my father?), What wet? And he says, This 

is rain. Rain. How could you forget? 

Christine Larusso's poetry has appeared in The Literary Review, Pleiades, Women's Studies Quarterly, Court Green, Narrative, and elsewhere. She is the 2017 winner of the Madeleine P. Plonsker Emerging Writer’s Residency Prize, and has been named a finalist for both the Orlando Poetry Prize and the James Hearst Poetry Prize. She is a Producer for Rachel Zucker's podcast, Commonplace, and she currently lives in Los Angeles.

by Caitland Conley


the oral surgeon gave fentanyl on the day of my surgery. i remember my mother via patch on the forearm or hip took that too. every six hours i had to flush the used patch down the toilet, or maybe i did and shouldn't have. at the hairdresser i always tell them my name is tiffany. tiffany—well, i— am from boca raton. my parents? they spend their seasons perpetually warm, blanketed in memory. my therapist told me to imagine grief as a stone; i was nineteen when she described the stone to me. she said the stone is half-submerged in water. the waves slap against rock, making perpetual time. i imagine the stone beneath a fake water fall, plastic used to add empty sound to a waiting room. over centuries water will smooth the rock face until it is, to the touch, newborn skin. i carry that rock in my chest and occasionally a black, unkempt sadness rises in me. bile accelerates the process of velveting my grief. i feel wind cold through tunnel, dark ride home in that never-ending taxi. i carry furniture up to the third floor. i see the stray dog catch the taste of trash in his wet mouth. it’s the same sadness of seeing children bobsledding with fathers, photo albums of stories i’ve heard but don’t remember. liking horses and becoming the child who likes horses. years have passed since she was one hundred then sixty-six pounds. daily that winter i kissed her forehead and was so aware of bone.

Caitland Conley is a writer living in Brooklyn by way of Tallahassee, Florida. Her poems appear in the inboxes of her friends. She is a graduate of Florida State University. Follow her navel-gazing on Twitter and Instagram by way of @stateofcaitland.

(Soma)tic Poetry Ritual for "Bathe The Door..." by CAConrad

Silhouette of Whisper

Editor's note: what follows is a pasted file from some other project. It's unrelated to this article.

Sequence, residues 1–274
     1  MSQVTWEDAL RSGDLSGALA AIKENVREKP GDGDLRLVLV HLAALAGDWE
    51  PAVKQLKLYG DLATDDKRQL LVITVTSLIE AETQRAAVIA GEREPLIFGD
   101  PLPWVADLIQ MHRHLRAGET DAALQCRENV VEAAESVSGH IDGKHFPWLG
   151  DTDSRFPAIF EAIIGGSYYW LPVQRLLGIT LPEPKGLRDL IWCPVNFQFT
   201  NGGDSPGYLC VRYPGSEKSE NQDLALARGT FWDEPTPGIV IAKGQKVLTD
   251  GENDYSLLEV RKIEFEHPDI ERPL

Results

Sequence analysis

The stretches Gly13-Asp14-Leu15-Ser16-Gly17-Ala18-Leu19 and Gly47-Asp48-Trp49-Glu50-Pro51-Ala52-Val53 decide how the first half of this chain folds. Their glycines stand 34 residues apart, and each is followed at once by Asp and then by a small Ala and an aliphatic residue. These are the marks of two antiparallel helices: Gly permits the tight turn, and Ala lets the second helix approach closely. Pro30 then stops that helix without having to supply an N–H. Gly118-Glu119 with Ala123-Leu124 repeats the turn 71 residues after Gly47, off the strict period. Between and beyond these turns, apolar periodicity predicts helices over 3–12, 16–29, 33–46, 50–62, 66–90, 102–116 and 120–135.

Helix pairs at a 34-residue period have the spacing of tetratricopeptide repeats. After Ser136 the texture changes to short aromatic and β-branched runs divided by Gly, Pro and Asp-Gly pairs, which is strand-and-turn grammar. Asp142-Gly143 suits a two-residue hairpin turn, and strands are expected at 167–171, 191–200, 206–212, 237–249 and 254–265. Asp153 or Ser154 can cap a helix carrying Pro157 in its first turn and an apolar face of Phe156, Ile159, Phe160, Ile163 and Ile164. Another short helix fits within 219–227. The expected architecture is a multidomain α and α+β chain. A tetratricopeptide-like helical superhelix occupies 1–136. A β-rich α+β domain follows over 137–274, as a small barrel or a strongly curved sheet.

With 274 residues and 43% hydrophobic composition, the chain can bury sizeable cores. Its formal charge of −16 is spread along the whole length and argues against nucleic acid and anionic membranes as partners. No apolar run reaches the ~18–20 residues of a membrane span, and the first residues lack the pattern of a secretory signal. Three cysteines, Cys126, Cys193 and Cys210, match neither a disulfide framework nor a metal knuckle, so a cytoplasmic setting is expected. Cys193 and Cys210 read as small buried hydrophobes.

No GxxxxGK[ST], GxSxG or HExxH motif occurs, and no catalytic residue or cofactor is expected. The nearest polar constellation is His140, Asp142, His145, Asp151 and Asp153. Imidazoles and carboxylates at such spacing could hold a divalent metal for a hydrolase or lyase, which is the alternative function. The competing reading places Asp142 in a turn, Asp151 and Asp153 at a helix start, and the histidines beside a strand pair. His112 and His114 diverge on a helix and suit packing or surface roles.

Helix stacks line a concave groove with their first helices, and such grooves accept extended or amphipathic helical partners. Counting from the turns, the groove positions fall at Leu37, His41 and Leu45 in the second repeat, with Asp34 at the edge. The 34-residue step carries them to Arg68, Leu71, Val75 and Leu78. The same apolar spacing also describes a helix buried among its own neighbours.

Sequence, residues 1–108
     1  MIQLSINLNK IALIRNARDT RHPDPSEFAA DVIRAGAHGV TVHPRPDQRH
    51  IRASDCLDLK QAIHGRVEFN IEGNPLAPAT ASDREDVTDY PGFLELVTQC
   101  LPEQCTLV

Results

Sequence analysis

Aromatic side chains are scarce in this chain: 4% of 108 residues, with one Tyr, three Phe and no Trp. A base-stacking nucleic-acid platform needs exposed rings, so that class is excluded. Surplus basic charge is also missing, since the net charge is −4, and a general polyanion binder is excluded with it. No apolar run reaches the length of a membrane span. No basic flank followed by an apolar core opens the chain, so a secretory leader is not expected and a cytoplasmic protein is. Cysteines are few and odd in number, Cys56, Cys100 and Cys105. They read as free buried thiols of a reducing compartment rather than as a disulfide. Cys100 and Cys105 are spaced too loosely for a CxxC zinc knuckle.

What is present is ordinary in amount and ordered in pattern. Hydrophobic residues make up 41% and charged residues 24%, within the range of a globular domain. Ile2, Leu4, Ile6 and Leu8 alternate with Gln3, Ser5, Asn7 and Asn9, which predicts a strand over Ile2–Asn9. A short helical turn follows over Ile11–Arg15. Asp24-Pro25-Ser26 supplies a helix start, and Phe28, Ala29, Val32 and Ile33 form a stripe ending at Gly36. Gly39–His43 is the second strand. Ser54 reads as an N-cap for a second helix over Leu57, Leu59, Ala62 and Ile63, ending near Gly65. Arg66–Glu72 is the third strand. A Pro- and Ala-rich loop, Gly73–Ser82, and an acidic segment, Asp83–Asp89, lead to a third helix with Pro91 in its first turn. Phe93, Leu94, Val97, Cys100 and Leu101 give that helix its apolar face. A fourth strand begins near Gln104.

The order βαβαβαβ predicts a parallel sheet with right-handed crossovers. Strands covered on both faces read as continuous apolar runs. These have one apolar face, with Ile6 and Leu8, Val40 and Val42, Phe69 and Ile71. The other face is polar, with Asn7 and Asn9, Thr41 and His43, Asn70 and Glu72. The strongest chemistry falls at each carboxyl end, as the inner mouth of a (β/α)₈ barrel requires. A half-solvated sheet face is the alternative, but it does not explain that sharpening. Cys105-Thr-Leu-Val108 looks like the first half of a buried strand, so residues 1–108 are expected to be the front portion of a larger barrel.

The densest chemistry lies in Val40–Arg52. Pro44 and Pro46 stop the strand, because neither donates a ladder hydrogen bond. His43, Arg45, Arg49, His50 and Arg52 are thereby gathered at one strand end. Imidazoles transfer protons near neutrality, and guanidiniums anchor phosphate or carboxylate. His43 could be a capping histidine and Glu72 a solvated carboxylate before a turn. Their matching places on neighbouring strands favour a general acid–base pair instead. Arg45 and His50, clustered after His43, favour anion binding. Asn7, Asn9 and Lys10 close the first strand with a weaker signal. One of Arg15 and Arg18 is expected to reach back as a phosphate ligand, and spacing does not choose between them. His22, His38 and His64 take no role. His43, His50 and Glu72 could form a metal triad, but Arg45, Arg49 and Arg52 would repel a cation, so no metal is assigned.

When I became vegan and macrobiotic in 1988 it was when scores of friends were dying of AIDS and I was constantly urging them to join me for the health benefits. This is to say I did not begin being vegan for animal rights, but becoming vegan changes our bodies and cleanses our formally inconsiderate perspective on other creatures. I remained vegan for the lives and rights of animals, but as a child, I grew up hunting deer, rabbits, pheasants, and squirrels. Whisper was the name of my hunting dog. After receiving my first rifle at 9 she and I loved to explore the forest and meadows together. When I shot a squirrel she would retrieve it and hover eagerly, waiting for me to toss her the heart as I skinned and cleaned it in the running brook, then secured its little body onto sticks to hold over a fire for lunch. I now refer to Whisper as my Lord of the Flies companion and she would be very sad if she were alive today to find that I no longer kill and eat squirrels in the forest. I drew a rough sketch of Whisper and filled in the drawing with black ink. Then I made a kite out of sticks and paper, gluing Whisper's silhouette on the front. I made secret notes on another piece of paper with words she knew for hunting and running through the forest, then glued it to the back of the kite, or rather the side that takes the wind. Sending it up, her rough portrait facing the sky above me, the wind pushing my secret messages through the kite and into her image. Because we lived in the country she never knew the tug of a leash, so it felt odd having the pull against my wrist, but at the same time I liked it, that tension, getting to feel the weight of the wind upon her drawing. I took notes for the poem while flying my old friend above me. In the evening I cut her silhouette from the kite and placed it under my pillow. The dreams were beguiling, being led into a realm of moss on tall trees, lily of the valley, and many pieces of light dancing on everything. Whisper was not there as I knew her but somehow all around me. It was a place where I felt myself relax in the dream. Then I realized that I was resting in the spot where I had buried her when I was a young teenager. I was, in fact, visiting my old friend all along in luxuriant consolation! After waking I took more notes for the poem.